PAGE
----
When California Businesses Fail to Provide Reasonable Accommodations
Ever since California passed its first law protecting the rights of workers with disabilities in 1974, it has been at the forefront of the Americans with Disabilities movement. Under California’s Fair Employment and Housing Act (FEHA), employers are required to:
- Provide reasonable accommodations for applicants and employees who, because of their disability, are unable to perform essential job functions; and
- Engage in a timely interactive process with applicants or employees in need of reasonable accommodation.
If a California employee is denied these rights, they are entitled to bring a discrimination claim against their employer.
At Garcia & Gurney, ALC, we work to ensure that your business is in compliance with California’s employment laws, including those under FEHA and the Americans with Disabilities Act (ADA). To ensure that you do everything by the book, consult with one of the experienced employment law attorneys at our Pleasanton law firm today.
What is Considered a Disability?
Under FEHA, there are two categories of disability: mental disability and physical disability. Additionally, while not recognized as a disability per se, an employee with a “medical condition” is entitled to reasonable accommodations just as an employee with a recognized disability is.
- A physical disability is defined as a physiological disease, disorder, condition, disfigurement, or anatomical loss that affects one or more of the bodily systems or functions, and that inhibits an individual’s ability to perform a major life activity, such as working.
- A mental disability is defined as any mental or psychological disorder or condition, such as mental retardation, organic brain syndrome, emotional or mental illness, or specific learning disabilities that inhibits an individual’s ability to perform a major life activity, such as working.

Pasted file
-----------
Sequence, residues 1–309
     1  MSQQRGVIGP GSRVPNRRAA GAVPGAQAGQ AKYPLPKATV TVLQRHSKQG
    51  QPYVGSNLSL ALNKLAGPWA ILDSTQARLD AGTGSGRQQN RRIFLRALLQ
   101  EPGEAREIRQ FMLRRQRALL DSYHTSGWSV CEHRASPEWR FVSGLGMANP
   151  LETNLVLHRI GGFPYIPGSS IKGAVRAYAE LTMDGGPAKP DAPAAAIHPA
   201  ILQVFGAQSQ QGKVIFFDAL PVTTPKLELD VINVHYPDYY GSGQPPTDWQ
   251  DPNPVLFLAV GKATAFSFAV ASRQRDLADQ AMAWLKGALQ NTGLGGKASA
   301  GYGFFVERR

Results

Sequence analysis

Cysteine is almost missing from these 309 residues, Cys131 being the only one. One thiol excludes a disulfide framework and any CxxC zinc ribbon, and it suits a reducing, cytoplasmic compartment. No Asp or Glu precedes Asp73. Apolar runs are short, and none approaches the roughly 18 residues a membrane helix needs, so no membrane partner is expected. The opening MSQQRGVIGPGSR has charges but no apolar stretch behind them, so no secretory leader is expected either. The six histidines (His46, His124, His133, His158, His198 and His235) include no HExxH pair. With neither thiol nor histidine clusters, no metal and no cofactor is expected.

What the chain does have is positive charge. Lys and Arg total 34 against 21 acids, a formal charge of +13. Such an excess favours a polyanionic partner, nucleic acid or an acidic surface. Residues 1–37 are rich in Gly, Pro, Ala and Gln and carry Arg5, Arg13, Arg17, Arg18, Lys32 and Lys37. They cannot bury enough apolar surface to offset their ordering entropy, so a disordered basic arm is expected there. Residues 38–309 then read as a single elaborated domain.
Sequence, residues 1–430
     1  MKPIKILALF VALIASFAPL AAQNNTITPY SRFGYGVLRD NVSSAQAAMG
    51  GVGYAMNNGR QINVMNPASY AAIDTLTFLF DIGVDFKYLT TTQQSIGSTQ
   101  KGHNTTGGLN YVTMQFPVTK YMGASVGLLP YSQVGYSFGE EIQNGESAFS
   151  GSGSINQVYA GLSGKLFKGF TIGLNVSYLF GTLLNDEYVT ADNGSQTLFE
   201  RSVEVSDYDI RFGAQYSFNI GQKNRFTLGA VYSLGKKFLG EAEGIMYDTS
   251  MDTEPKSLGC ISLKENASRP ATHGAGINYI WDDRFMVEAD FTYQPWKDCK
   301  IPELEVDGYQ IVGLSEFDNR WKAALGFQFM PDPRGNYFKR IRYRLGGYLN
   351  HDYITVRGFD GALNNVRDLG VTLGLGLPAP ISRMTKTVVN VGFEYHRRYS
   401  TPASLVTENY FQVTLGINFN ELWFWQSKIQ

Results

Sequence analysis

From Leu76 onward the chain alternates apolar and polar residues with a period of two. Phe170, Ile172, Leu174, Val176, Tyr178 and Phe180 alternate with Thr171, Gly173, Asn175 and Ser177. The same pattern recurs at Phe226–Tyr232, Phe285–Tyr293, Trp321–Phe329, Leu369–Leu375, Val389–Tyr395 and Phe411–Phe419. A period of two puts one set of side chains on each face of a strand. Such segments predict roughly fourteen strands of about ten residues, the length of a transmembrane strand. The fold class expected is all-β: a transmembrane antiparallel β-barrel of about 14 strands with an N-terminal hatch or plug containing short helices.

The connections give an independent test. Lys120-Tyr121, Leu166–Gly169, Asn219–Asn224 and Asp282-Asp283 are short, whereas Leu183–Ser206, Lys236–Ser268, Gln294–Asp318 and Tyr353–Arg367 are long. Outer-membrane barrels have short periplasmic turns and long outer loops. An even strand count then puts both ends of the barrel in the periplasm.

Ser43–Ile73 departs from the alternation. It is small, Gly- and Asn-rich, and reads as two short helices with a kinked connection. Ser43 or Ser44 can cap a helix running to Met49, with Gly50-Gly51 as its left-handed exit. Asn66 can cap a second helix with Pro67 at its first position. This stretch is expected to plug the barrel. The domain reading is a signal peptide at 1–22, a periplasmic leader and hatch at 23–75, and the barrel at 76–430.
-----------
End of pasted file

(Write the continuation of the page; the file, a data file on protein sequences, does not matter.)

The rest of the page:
Medical conditions protected under FEHA include any health condition that is related to or associated with a diagnosis of cancer or a genetic characteristic. Addictions, such as a drug and/or alcohol addiction, sex addiction, gambling addiction, kleptomania, pyromania, etc. are not covered by FEHA.
Legal Remedies for when an Employer Fails to Provide Reasonable Accommodations
When a California employer fails to provide reasonable accommodations to those employees that require it, they will not only be ordered to cease and desist their discriminatory practices, but also, they will be responsible for covering the damages and losses experienced by the employee due to the lack of accommodations, including but not limited to lost wages, damages for emotional distress, and administrative fines of not more than $150,000.
If a California employee is denied reasonable accommodations in the workplace, they are first required to make a good faith effort to achieve a resolution without legal intervention. This includes speaking with the employer as soon as accommodations are either denied or once it becomes clear that they will not be provided. After all, the failure to accommodate could be a result of a lack of communication between employer and employee. However, if the lack of accommodations was no accident, and if the employer continues to refuse to provide reasonable accommodations, the employee is required to take the matter to the next level, which would be the employer’s reasonable accommodations coordinator or human resources. If the company and the employee still fail to comply with FEHA’s and the ADA’s rules regarding the matter, the employee can file a complaint with the Department of Fair Employment and Housing.
Consult a Pleasanton Employment Attorney
If you find yourself at the center of a discrimination dispute because of a failure to provide reasonable accommodations, contact our Pleasanton employment lawyers today. With skill and discretion, the lawyers at Garcia & Gurney, ALC will not only help you resolve the dispute, but we will also help you implement practices and procedures meant to prevent discrimination suits from being brought against you in the future. To speak with a legal representative today, contact us at 925-468-0400 or online to schedule a private consultation.